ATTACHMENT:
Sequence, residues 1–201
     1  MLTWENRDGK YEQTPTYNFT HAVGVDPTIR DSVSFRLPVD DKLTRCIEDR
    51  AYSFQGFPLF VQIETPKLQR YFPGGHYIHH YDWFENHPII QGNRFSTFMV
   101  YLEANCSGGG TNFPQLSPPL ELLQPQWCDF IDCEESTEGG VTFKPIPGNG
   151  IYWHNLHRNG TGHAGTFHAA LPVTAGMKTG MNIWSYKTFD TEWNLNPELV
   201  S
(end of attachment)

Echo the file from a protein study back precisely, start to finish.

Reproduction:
Sequence, residues 1–201
     1  MLTWENRDGK YEQTPTYNFT HAVGVDPTIR DSVSFRLPVD DKLTRCIEDR
    51  AYSFQGFPLF VQIETPKLQR YFPGGHYIHH YDWFENHPII QGNRFSTFMV
   101  YLEANCSGGG TNFPQLSPPL ELLQPQWCDF IDCEESTEGG VTFKPIPGNG
   151  IYWHNLHRNG TGHAGTFHAA LPVTAGMKTG MNIWSYKTFD TEWNLNPELV
   201  S